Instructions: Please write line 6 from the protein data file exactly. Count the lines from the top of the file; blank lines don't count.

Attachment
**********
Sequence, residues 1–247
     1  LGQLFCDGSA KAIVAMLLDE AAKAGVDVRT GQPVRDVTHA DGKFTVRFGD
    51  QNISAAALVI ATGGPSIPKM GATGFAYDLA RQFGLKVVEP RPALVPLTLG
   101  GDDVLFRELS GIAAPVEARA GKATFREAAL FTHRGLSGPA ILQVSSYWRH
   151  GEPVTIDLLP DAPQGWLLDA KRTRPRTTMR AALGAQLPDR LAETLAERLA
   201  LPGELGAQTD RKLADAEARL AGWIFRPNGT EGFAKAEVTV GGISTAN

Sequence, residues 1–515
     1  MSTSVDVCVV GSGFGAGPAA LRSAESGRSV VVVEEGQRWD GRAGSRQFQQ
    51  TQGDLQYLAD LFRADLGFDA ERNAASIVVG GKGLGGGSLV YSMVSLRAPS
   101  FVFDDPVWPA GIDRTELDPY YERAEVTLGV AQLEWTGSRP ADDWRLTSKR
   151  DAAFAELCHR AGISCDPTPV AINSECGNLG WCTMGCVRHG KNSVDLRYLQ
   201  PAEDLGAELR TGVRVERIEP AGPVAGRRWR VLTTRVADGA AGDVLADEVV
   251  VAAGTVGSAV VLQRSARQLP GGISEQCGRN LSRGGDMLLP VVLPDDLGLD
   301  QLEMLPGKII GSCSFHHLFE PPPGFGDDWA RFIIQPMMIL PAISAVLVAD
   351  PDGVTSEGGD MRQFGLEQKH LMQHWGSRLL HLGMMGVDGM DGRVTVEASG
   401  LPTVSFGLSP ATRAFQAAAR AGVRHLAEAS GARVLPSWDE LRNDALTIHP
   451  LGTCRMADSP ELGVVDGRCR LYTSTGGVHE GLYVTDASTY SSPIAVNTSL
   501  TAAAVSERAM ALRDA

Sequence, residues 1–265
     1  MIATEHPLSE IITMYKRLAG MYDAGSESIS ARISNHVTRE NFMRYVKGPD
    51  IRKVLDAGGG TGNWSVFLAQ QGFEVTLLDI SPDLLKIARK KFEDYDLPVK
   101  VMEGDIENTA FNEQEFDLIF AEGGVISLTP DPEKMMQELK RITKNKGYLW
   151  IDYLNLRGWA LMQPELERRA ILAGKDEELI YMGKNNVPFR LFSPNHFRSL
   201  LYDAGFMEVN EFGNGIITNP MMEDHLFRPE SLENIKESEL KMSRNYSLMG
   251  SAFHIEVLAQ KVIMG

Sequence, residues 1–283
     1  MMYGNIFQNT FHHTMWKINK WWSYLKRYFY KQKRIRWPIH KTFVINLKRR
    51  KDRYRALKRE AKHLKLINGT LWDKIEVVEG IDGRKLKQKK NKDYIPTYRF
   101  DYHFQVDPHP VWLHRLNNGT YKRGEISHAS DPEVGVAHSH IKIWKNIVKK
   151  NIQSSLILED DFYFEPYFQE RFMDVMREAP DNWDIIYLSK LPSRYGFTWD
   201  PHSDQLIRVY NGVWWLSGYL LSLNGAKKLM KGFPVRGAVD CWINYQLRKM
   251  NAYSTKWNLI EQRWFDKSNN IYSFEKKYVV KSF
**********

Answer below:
   201  LPGELGAQTD RKLADAEARL AGWIFRPNGT EGFAKAEVTV GGISTAN